To measure organics in a fluid sample, one either has to bring the sample in the form of a colloid to the instrument, or extract the organics from the sample and bring the liquid extract to the instrument. The disclosed technique enables both extraction and transport of the fines or the organics.
The solution is to use piezoelectric transducers to excite ultrasonically the fluid/fines mix. There are two excitation regimes. The first is where the ultrasound helps to levitate the particulate sample in the slurry/colloid. The particle levitation force depends on the relative densities and compressibility of the particulate and fluid, and on the kinetic and potential energy densities associated with the velocity and pressure fields. The second regime is driven at high power in resonance where the solid/fines region is part of an acoustic resonance chamber and has the highest loss. In this regime, acoustic energy is pumped into the solution/fines mix and rapidly heats the sample.
Across the thickness of the sample volume, the power dissipated increases to a maximum at the middle of the resonance at the fundamental, and at the nodal planes at higher harmonics. The system is a chamber that has a least one piezoelectric plate driven in the thickness mode. The bottom base could also be a piezoelectric, and they could be driven simultaneously and in phase to produce larger pressures in the chamber. The flow is in a direction perpendicular to the direction of the extensional wave of the acoustic pressure. The various frequencies and amplitudes of the voltage applied to the piezoelectric can be tuned to either elevate or fluidize particulate in the solution, or the piezoelectric plate can be driven at higher powers and in resonance to heat the solution and suspended particulates.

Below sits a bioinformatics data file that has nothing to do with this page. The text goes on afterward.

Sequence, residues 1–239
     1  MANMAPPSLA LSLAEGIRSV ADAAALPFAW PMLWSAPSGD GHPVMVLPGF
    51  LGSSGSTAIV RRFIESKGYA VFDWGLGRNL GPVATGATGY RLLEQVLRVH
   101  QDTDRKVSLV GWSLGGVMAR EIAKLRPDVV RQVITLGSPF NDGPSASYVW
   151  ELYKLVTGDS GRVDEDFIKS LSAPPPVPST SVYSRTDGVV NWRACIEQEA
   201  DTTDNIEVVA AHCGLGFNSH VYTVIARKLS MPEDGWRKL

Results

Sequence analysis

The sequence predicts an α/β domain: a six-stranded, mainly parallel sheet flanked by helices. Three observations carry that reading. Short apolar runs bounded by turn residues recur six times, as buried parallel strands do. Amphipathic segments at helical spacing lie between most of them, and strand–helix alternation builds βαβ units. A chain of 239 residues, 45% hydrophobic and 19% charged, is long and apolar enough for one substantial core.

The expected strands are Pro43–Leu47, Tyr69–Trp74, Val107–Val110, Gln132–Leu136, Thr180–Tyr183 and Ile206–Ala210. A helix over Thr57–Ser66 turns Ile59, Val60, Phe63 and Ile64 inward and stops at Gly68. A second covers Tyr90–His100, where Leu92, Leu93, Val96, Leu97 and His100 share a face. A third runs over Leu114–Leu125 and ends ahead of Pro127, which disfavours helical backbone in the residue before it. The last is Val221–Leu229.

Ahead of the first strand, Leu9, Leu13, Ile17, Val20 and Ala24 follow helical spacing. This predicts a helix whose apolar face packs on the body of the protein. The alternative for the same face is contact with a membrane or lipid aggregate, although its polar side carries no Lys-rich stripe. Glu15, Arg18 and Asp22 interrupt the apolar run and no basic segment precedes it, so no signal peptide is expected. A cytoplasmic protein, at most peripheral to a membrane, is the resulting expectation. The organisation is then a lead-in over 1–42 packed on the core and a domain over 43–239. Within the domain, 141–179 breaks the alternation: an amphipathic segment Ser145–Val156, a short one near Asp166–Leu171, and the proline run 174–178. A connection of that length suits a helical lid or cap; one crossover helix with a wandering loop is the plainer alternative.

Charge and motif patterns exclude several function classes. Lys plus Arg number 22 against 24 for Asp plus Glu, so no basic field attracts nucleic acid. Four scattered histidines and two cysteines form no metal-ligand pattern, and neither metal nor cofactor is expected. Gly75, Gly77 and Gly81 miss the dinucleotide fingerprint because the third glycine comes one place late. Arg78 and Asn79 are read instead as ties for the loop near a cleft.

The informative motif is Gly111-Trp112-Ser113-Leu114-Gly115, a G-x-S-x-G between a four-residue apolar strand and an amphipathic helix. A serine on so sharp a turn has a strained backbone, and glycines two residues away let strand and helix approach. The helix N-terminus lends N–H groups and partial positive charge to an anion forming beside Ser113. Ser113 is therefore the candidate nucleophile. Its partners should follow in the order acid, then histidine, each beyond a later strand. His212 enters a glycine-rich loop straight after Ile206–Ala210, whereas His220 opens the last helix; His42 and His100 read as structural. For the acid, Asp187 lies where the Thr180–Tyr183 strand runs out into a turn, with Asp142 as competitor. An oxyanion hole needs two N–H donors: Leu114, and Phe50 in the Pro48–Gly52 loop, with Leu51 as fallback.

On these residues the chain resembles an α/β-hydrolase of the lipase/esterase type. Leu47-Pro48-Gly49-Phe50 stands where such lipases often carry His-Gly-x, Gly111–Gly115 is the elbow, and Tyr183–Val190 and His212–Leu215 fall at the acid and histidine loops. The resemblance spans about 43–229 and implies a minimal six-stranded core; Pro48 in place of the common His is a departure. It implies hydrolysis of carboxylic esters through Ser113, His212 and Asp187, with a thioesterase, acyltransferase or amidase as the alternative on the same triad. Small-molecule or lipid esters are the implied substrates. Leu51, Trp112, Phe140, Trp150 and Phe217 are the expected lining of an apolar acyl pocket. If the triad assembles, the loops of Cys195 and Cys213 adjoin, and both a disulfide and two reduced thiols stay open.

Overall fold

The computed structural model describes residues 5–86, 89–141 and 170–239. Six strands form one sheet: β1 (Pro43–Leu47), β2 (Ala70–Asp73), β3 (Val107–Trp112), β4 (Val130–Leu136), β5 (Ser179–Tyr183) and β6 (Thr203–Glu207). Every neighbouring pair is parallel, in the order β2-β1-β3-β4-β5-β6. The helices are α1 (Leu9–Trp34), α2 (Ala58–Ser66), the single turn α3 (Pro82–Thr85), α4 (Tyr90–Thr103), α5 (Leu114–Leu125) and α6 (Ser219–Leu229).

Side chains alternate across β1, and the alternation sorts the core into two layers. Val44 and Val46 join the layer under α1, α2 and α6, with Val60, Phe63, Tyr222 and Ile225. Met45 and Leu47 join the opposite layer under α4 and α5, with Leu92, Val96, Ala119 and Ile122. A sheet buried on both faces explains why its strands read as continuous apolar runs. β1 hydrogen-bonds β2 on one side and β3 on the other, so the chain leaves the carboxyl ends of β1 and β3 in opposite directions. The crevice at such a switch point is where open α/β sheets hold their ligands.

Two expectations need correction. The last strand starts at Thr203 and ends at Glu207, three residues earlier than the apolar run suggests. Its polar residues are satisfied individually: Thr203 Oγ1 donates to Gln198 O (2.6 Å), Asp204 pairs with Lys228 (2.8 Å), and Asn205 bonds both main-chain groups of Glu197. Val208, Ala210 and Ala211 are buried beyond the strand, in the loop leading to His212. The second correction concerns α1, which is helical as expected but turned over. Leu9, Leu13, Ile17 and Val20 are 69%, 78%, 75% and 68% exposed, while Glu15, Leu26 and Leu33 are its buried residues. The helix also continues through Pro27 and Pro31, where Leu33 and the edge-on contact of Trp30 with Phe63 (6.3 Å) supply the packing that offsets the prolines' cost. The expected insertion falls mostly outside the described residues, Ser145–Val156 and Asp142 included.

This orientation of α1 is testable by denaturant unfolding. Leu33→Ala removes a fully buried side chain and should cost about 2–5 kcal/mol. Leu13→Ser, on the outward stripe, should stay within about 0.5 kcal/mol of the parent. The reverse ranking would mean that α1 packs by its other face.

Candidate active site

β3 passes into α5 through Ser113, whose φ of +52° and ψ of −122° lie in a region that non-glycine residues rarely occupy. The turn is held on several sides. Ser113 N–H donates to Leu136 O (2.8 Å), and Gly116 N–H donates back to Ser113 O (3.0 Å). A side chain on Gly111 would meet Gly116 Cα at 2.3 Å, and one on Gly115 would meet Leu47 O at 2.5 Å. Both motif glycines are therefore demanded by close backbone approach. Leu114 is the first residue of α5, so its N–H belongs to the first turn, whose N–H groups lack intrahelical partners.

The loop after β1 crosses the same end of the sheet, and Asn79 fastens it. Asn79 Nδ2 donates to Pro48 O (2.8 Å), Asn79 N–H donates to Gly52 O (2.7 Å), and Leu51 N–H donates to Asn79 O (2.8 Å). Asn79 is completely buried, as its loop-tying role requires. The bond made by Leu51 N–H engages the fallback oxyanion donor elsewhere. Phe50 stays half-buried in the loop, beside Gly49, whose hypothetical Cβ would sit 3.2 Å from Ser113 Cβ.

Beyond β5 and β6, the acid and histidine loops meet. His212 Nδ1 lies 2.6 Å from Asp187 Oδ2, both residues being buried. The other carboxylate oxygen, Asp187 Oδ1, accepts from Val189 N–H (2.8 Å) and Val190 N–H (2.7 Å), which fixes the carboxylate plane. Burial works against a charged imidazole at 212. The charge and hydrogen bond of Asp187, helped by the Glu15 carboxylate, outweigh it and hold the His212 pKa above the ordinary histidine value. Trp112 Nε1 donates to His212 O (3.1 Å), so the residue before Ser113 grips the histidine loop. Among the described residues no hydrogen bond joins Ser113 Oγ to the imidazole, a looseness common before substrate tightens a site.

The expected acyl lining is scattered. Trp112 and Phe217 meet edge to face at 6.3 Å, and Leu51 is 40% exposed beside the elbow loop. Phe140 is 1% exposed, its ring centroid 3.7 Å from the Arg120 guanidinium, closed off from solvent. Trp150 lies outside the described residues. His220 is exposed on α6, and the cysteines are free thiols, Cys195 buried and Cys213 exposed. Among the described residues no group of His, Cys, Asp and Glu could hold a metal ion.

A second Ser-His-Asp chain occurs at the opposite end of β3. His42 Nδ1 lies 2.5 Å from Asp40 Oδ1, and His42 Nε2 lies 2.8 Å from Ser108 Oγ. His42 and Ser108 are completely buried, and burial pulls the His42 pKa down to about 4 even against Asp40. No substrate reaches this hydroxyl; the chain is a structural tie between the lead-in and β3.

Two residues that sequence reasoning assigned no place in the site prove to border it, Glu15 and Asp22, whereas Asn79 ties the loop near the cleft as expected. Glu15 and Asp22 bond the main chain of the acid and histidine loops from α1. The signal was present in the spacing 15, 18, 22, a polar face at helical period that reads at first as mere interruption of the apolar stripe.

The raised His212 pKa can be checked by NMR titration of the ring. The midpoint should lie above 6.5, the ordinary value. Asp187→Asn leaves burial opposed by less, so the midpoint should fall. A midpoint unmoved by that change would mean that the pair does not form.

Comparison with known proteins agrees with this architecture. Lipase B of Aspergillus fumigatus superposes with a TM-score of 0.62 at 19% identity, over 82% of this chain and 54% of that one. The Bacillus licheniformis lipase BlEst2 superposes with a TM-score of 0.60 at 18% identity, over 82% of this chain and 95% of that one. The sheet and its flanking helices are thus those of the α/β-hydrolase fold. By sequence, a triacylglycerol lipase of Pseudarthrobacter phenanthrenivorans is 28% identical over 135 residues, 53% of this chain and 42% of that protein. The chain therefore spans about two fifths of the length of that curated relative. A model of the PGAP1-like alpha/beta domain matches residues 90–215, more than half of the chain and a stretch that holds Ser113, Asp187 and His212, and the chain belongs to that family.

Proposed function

The novelty of this technical disclosure is the use of an acoustic resonant chamber to excite a fluid-solid fines mixture in different frequency regimes to accomplish a variety of sample processing tasks. Driving the acoustic resonant chamber at lower frequencies can create circulation patterns in the fluid and mixes the liquid and fines, while driving the chamber at higher frequencies can agitate the fluid and powder. At the fundamental resonance of the chamber, the fluid/fines mixture has the most acoustic attenuation. The dissipated energy is thereby distributed primarily in the fluid/fines system rather than in the other components of the chamber; that is, one can selectively heat only the fluid/fines and bring it to elevated temperatures to allow for sub-critical water extraction.
This work was done by Stewart Sherrit, Michael C. Lee, Aaron C. Noell, and Andrew D. Aubrey of Caltech; Jennifer L. Hasenoehrl of the University of Idaho; Nobuyuki Takano of CalPoly Pomona; and Frank J. Grunthaner for NASA's Jet Propulsion Laboratory. NASA is seeking partners to further develop this technology through joint cooperative research and development. For more information about this technology and to explore opportunities, please contact Dan Broderick at